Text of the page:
The Live Music Forum
Hamish Birchall Bulletin
Saturday 22nd November 2009 - Live music bill returns to haunt government
On 19th November Tim Clement-Jones'
live music bill returned to the Parliamentary agenda:
If enacted, it would go a long way to meeting the recommendations of
the all-party Culture, Media and Sport Committee. The bill proposes to
exempt live music from entertainment licensing in bars and other premises
up to 200-capacity, provided they are already licensed for the sale of
alcohol, and similarly exempt schools and hospitals for audiences up to
Originally published in July, it lapsed at the end of the Parliamentary year (like all private members bills awaiting 2nd or 3rd readings). But due to the determination of Lord Clement-Jones and Baroness Bonham-Carter (his proxy for the 1st reading of 19th November), the bill now stands a good chance of a full debate in the Lords early next year.
This will dismay government spin doctors. They thought they had pulled a smart trick on 21st October by leaking the government's apparent u-turn on an exemption for small gigs to the Guardian: http://www.guardian.co.uk/music/2009/oct/21/police-law
Wider media coverage was suppressed. And, by creating the misleading impression that the long-running licensing controversy would probably be resolved before the general election, they hoped to secure a smooth ride for the government on this issue in the run-up to the general election.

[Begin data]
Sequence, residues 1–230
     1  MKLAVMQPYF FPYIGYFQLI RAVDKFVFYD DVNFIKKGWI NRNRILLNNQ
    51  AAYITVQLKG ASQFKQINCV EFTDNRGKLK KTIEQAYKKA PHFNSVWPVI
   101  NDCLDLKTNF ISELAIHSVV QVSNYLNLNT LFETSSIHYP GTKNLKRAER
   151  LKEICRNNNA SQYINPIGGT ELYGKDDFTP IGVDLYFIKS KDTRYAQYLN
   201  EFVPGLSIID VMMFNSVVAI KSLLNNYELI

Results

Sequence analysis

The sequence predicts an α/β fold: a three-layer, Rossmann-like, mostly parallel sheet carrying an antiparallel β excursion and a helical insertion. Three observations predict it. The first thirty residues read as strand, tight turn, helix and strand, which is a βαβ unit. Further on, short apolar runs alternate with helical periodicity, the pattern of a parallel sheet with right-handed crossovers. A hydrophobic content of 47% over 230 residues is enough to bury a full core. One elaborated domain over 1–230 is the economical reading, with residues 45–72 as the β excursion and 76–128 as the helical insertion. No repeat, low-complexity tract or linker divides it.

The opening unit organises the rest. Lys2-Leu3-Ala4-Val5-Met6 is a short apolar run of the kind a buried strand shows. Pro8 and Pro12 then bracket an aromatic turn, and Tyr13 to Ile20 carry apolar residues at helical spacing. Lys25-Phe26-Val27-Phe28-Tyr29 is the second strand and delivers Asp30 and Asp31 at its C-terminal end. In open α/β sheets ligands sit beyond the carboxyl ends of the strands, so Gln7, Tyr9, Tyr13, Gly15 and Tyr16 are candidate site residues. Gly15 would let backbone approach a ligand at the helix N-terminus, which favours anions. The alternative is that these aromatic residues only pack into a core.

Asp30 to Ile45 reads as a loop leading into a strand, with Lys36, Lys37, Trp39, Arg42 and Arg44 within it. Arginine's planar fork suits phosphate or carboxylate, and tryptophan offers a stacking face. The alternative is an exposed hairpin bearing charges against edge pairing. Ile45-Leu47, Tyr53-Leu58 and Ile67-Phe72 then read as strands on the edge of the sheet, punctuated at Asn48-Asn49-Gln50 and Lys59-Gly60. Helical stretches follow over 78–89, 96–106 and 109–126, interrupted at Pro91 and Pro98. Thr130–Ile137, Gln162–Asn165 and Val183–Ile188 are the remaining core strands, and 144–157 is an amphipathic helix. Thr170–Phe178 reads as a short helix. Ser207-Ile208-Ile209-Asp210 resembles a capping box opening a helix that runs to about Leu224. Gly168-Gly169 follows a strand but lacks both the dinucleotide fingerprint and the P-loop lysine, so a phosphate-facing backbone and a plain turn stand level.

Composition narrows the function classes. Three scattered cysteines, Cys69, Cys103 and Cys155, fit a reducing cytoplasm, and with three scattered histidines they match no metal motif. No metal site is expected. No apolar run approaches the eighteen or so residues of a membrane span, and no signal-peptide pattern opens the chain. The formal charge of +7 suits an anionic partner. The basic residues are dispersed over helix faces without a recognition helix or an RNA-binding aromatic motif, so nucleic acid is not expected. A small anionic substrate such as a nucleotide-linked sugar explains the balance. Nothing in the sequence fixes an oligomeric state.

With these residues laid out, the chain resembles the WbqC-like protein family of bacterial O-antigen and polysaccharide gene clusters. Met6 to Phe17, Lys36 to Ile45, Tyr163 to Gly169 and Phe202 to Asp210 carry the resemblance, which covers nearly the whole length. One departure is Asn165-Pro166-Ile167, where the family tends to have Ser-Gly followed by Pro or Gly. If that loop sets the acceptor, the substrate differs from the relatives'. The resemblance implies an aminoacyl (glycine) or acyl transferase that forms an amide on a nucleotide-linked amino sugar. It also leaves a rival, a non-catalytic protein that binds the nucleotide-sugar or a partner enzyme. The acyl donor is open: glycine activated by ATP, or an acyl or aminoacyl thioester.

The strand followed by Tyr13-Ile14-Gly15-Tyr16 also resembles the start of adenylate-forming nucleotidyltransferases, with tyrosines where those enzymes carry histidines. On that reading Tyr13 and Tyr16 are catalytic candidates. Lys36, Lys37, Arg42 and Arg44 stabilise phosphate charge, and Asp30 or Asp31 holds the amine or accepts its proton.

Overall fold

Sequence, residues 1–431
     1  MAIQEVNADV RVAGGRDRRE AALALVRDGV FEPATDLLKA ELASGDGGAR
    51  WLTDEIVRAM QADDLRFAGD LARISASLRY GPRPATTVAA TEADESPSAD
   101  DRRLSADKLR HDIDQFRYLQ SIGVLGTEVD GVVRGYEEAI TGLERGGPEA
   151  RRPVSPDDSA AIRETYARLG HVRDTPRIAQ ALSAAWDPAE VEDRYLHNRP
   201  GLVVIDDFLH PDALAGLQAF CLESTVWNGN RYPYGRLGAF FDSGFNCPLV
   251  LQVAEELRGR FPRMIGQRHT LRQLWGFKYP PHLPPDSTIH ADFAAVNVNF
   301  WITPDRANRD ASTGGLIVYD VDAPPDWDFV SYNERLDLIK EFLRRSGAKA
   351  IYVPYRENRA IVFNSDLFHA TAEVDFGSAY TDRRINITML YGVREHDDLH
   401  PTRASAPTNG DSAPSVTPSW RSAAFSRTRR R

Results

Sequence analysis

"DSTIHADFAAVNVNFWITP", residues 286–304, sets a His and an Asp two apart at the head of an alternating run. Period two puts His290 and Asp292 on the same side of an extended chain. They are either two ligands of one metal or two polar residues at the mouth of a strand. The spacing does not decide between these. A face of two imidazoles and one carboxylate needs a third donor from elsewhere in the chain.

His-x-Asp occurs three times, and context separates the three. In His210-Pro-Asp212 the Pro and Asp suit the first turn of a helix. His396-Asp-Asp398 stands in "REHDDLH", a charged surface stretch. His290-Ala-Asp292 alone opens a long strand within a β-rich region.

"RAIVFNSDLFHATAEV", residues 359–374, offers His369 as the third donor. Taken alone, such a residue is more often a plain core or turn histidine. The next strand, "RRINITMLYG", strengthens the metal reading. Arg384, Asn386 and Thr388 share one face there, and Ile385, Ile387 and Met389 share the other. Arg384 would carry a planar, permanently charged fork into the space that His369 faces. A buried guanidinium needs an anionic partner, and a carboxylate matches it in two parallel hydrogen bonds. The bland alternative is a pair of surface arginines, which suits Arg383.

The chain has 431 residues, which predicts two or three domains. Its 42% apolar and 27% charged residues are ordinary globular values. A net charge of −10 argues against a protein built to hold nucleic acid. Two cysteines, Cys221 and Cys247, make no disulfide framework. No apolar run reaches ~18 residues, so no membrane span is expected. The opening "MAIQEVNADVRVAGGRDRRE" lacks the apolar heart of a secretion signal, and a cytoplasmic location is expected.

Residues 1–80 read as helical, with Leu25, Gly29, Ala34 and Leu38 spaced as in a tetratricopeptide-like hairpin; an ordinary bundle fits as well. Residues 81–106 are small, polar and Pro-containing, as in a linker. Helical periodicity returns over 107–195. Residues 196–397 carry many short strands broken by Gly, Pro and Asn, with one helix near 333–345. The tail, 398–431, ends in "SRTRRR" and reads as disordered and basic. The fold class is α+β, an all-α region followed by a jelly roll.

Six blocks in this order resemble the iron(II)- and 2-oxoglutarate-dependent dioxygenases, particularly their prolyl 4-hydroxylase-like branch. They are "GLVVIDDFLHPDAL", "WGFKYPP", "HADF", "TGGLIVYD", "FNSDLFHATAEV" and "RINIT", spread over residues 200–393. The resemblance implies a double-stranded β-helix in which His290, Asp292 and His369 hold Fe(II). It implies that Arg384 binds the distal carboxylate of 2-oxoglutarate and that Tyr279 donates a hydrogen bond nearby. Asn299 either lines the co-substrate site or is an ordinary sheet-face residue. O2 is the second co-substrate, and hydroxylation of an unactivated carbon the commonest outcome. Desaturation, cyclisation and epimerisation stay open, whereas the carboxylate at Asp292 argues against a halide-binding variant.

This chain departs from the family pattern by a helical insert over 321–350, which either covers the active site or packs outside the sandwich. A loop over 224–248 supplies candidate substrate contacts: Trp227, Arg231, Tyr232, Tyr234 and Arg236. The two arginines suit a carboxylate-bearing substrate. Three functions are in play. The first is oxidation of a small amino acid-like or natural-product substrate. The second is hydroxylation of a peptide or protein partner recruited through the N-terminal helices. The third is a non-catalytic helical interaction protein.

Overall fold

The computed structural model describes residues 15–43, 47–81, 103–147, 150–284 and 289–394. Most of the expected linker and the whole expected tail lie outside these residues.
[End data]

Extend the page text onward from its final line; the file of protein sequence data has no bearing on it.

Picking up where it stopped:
But the return of Lord Clement-Jones' bill ensures that the controversy, and the government's empty promises, will be exposed again in Parliament and in the press.
Meanwhile the Chief Executive of UK Music, Feargal Sharkey, has again fiercely criticised the government's misrepresentation of the latest licensing statistics. Writing for the Conservative blog 'CulturePolitick' he described as 'ridiculous' the DCMS claim that there has been an 11% rise in venues between 2007 and 2009:
'DCMS... claim that the Licensing Act has actually delivered an 11% increase
in live music from 2007-2009! I'll try and put this rather kindly, it
is shall I suggest, somewhat misleading if not bordering on the ridiculous.
This estimate includes whole new ranges of venues like schools and hospitals,
plus others not even licensed for live music so quite frankly shouldn't